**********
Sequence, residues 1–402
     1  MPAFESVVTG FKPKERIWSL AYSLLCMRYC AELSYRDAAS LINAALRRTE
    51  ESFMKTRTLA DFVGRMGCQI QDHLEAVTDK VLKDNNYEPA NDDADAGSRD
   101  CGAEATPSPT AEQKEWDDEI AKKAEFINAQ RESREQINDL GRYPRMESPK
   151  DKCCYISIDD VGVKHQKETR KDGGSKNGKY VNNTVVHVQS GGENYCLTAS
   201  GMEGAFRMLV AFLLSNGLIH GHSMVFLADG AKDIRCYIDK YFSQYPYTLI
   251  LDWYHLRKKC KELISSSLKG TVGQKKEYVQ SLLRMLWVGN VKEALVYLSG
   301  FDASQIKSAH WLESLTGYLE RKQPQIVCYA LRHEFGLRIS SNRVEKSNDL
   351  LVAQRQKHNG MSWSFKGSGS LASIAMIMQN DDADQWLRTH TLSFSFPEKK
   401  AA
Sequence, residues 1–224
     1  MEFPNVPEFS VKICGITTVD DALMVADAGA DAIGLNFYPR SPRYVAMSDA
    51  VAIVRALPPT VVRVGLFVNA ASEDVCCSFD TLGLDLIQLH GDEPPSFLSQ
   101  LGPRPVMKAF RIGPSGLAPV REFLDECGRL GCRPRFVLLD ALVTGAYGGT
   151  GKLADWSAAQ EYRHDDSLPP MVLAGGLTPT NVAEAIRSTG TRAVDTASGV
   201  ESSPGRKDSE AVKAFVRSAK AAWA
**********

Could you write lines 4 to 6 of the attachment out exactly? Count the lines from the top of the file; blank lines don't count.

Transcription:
   101  CGAEATPSPT AEQKEWDDEI AKKAEFINAQ RESREQINDL GRYPRMESPK
   151  DKCCYISIDD VGVKHQKETR KDGGSKNGKY VNNTVVHVQS GGENYCLTAS
   201  GMEGAFRMLV AFLLSNGLIH GHSMVFLADG AKDIRCYIDK YFSQYPYTLI